Why the Charlotte Bobcats Face the Most Pressure Heading in to NBA Draft

Karthik TadisinaSenior Writer IJune 19, 2012

Michael Jordan.
Michael Jordan.Patrick McDermott/Getty Images

The Charlotte Bobcats could be the one team in the entire league that face the most pressure in terms of having a small margin of error when it comes to what they should do with the second overall pick in the 2012 NBA draft.

Why would they be under a lot of pressure?

For starters, they finished the 2011-12 NBA season with the worst overall record. After such a season, they need to make sure that they are going in the right direction.

Secondly, the Bobcats roster contains a lot of young talent that is rather raw, so the losing can potentially have more of a mental (negative) effect on younger players compared to that of seasoned veterans who have been in the league long enough to experience both winning and losing.

If they do decide to keep the second overall pick, who should they draft? If they are not going to keep the pick and decide to trade it, what should they get in return? Could they move a contract for another draft pick?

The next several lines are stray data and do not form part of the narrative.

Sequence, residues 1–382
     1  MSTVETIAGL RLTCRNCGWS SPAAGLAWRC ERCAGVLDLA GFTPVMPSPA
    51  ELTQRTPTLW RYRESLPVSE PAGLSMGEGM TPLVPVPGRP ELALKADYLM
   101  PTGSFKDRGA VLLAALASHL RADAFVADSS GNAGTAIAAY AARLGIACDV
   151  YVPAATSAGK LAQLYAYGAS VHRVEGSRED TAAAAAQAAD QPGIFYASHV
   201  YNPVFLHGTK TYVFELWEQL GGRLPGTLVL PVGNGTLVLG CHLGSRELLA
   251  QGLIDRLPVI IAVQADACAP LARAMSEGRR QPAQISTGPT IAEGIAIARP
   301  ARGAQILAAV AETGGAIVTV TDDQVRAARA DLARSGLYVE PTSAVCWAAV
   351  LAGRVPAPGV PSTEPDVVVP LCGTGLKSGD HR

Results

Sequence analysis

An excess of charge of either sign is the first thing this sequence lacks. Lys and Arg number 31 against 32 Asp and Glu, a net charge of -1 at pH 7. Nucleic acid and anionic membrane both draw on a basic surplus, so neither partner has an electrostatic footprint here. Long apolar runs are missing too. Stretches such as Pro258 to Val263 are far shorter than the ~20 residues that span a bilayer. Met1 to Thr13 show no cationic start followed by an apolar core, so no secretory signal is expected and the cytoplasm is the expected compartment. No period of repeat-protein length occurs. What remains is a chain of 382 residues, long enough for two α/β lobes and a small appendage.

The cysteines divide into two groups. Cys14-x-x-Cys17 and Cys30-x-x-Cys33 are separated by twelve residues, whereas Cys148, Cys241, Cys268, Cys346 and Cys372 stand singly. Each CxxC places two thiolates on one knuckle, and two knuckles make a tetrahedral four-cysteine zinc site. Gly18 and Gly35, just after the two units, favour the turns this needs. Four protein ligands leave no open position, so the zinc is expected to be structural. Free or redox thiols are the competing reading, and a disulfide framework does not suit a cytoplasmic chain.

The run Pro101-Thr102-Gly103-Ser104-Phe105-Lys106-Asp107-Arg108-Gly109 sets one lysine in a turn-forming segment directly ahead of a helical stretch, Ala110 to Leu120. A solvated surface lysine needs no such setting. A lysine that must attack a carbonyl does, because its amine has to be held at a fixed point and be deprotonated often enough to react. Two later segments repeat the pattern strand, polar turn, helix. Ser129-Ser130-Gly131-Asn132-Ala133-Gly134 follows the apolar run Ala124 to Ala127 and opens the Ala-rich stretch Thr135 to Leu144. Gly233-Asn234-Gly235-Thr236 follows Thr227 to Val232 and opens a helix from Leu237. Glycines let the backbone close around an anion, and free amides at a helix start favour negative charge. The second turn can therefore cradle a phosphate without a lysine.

Additionally, what moves can the team make in free agency that will allow it to right the ship onto the path of success?

The Bobcats have the expiring contracts of Corey Maggette ($10,924,138), DeSagana Diop ($7,372,200) and Matt Carroll (3,500,000) that they can use in potential trades either before the start of the 2012-13 NBA season or closer to the trade deadline in 2013.

It would make sense for the team to move such contracts for veteran talent in order provide more balance to their roster. Many teams will be interested in acquiring expiring contracts in order to create financial flexibility and free up cap space for the future.

At the end of the day, the Bobcats front office has to find a way to make the team more competitive, and that can be done by providing more balance to the roster. The Bobcats needs to bring in the right mix of players in order to have a shot at winning games on a nightly basis.

At this moment, there are more questions than answers for the Bobcats.